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[416a] “What distinction do you intend by that?” he said. “I will try to tell you,” I said. “It is surely the most monstrous and shameful thing in the world for shepherds to breed the dogs who are to help them with their flocks in such wise and of such a nature that from indiscipline or hunger or some other evil condition the dogs themselves shall attack the sheep and injure them and be likened to wolves1 instead of dogs.” “A terrible thing, indeed,” he said.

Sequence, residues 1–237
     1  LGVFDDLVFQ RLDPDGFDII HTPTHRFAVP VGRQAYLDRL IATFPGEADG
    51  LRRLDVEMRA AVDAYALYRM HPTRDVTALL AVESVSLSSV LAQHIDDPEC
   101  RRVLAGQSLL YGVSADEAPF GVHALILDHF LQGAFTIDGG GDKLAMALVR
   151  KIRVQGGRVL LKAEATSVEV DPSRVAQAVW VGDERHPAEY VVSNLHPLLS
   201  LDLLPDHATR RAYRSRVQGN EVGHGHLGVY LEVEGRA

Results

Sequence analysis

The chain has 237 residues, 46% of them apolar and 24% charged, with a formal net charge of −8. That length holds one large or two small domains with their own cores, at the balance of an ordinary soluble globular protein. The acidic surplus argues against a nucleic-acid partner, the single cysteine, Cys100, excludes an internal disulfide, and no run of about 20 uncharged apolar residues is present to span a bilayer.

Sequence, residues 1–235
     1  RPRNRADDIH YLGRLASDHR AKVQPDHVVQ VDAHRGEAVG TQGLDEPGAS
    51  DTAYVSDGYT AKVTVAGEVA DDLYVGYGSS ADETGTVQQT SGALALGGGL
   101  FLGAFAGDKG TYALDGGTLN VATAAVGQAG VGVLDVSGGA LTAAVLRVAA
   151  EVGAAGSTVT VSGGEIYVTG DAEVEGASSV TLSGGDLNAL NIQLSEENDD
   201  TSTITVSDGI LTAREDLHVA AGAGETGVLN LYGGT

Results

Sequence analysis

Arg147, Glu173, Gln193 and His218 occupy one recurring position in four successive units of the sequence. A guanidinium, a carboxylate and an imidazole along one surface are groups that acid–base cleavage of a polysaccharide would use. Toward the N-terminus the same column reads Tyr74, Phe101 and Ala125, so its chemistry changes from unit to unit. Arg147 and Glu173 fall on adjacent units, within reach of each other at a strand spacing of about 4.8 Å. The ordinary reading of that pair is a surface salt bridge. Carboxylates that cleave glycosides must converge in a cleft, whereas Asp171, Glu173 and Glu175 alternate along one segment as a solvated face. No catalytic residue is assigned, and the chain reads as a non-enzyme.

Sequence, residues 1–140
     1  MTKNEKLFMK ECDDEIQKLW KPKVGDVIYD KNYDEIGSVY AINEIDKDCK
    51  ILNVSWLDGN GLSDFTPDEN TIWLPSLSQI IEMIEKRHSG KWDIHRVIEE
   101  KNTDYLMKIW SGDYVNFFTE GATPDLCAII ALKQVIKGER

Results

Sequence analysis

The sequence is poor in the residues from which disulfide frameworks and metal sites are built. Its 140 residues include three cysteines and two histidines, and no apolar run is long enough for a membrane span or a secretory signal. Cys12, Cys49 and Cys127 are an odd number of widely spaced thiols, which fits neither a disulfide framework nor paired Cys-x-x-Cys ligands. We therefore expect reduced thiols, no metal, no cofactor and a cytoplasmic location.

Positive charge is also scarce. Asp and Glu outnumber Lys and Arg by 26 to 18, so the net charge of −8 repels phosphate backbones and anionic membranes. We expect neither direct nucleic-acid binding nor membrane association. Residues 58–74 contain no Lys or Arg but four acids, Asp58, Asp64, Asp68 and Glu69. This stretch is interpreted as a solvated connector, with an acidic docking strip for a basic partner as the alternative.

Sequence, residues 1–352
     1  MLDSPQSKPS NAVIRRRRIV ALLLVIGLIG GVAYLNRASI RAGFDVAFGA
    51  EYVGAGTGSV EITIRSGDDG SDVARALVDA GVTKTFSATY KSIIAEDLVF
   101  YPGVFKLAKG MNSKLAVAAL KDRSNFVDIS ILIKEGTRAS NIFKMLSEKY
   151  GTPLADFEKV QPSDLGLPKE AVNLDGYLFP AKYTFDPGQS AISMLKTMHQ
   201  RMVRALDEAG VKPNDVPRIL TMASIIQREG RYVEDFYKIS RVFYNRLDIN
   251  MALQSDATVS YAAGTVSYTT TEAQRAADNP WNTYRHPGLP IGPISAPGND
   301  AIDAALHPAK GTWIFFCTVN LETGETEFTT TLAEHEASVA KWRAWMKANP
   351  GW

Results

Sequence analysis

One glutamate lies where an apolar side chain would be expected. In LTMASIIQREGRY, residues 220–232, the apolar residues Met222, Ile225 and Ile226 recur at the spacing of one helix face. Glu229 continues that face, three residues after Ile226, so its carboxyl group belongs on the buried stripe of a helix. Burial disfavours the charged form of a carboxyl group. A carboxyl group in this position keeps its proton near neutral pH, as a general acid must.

1 Aristotle's objection (Politics 1264 a 24) that the Platonic state will break up into two hostile camps, is plagiarized in expression from Plato's similar censure of existing Greek cities (422 E) and assumes that the enforced disinterestedness, the higher education, and other precautions of the Platonic Republic will not suffice to conjure away the danger to which Plato first calls attention.

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